The emergence of metasurface technology and its accompanying design principles are enabling the development of optical components with multiple functionalities, e.g., polarization discrimination and focusing. In this report, we highlight our experimental results associated with the characterization of a reflective mid-wave infrared (mid-IR) metasurface designed for both imaging and polarization-specific beam splitting in the 4.2 through 4.8 m region of the electromagnetic (EM) spectrum. A large area metasurface (1 cm diameter), fabricated using nano-lithography, was observed to exhibit a high degree of discrimination between transverse electric (TE) and magnetic (TM) polarized light with near diffraction limited focusing.
Polarimetric glucose sensing is a promising method for noninvasive estimation of blood glucose concentration.
Published methods of polarimetric glucose sensing generally rely on measuring the rotation of light as it traverses
the aqueous humor of the eye. In this article, an interferometer is described that can detect polarization changes
due to glucose without the use of polarization control or polarization analyzing elements. Without polarizers,
this system is sensitive to optical activity, inherent to glucose, but minimally sensitive to linear retardance,
inherent to the cornea. The underlying principle of the system was experimentally verified using spectral domain
optical coherence tomography. A detection scheme involving amplitude modulation was simulated, demonstrating
sensitivity to clinically relevant glucose concentrations and an acceptable error due to time varying linear
birefringence of the cornea using Clarke Error Grid Analysis.
A new focused OCT-LIF endoscope has been constructed for high resolution imaging between 325 nm and 1300 nm.
This endoscope is 2 mm in diameter for non-destructive imaging <i>in vivo</i>. A reflective design ball lens is employed that
eliminates the difficulty of operating achromatically over a large range, while taking advantage of TIR at two faces and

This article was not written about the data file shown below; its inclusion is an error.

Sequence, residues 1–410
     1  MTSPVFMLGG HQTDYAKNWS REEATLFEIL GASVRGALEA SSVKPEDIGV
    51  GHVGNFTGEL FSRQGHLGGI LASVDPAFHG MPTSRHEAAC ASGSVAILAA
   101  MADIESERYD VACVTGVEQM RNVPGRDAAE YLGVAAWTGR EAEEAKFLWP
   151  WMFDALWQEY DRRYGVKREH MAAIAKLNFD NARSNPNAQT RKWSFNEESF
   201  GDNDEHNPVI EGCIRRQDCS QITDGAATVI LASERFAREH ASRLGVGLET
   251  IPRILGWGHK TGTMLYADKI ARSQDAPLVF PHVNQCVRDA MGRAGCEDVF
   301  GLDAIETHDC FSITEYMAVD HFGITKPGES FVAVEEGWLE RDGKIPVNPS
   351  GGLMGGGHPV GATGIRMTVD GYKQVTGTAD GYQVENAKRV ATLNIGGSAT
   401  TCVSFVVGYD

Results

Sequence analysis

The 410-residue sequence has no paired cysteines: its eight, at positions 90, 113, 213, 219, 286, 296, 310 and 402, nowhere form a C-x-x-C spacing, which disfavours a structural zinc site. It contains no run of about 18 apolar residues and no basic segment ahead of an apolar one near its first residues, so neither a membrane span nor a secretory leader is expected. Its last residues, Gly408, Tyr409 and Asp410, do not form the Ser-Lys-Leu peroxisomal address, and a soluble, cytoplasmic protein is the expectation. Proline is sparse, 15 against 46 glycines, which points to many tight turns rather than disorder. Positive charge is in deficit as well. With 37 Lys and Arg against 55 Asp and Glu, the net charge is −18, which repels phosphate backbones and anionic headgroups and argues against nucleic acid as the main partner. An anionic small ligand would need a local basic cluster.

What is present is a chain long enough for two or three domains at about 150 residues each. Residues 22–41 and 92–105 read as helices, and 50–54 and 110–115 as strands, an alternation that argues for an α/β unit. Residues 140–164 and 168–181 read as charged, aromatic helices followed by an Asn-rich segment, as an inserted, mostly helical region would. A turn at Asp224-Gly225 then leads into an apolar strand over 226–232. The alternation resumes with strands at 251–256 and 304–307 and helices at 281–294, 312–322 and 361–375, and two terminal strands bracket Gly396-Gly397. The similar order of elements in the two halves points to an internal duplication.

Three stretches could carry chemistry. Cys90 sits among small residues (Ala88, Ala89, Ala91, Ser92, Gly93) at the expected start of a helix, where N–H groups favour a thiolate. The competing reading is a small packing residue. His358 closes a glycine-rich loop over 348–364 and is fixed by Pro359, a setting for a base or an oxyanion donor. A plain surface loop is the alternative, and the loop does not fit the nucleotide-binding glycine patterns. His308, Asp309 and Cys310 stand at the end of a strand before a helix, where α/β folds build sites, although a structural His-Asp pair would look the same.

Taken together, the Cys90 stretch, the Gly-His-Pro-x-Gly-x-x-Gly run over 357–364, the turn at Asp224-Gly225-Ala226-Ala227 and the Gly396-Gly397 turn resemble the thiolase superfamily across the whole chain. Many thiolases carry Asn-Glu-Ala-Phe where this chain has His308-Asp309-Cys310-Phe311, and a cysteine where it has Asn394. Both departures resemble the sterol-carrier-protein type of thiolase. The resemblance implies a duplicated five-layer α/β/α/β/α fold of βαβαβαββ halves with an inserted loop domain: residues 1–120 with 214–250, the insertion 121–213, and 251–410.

coating a third mirror face internally to focus the beams downwards. It is a 1:1 imaging system that obtains a theoretical
diffraction-limited resolution for both the OCT (800-1300 nm) and LIF (greater than 325 nm) channels.
Ovarian cancer is the fourth leading cause of cancer-related death among women. If diagnosed at early stages, 5-year survival rate is 94%, but drops to 68% for regional disease and 29% for distant metastasis; only 19% of cases are diagnosed at early, localized stages. Optical coherence tomography is a recently emerging non-destructive imaging technology, achieving high axial resolutions (10-20 µm) at imaging depths up to 2 mm. Previously, we studied OCT in normal and diseased human ovary ex vivo. Changes in collagen were suggested with several images that correlated with changes in collagen seen in malignancy. Areas of necrosis and blood vessels were also visualized using OCT, indicative of an underlying tissue abnormality. We recently developed a custom side-firing laparoscopic OCT (LOCT) probe fabricated for in vivo imaging. The LOCT probe, consisting of a 38 mm diameter handpiece terminated in a 280 mm long, 4.6 mm diameter tip for insertion into the laparoscopic trocar, is capable of obtaining up to 9.5 mm image lengths at 10 µm axial resolution. In this pilot study, we utilize the LOCT probe to image one or both ovaries of 17 patients undergoing laparotomy or transabdominal endoscopy and oophorectomy to determine if OCT is capable of differentiating normal and neoplastic ovary. We have laparoscopically imaged the ovaries of seventeen patients with no known complications. Initial data evaluation reveals qualitative distinguishability between the features of undiseased post-menopausal ovary and the cystic, non-homogenous appearance of neoplastic ovary such as serous cystadenoma and endometroid adenocarcinoma.
Ovarian cancer is the fourth leading cause of cancer-related death among women in the United States. If diagnosed at an
early stage, the 5-year survival rate is 94%, but drops to 68% for regional disease and 29% for distant metastasis; only
19% of all cases are diagnosed at the early, localized stage. Optical coherence tomography is a recently emerging non-destructive
imaging technology, achieving high axial resolutions (10-20 microns) at imaging depths up to 2 mm.
Previously, we studied OCT imaging in normal and diseased human ovary ex vivo to determine the features OCT is
capable of resolving. Changes in collagen were suggested with several of the images that correlated with changes in
collagen seen in malignancy. Areas of necrosis and blood vessels were also visualized using OCT, indicative of an
underlying tissue abnormality. We recently developed a custom side-firing laparoscopic OCT (LOCT) probe fabricated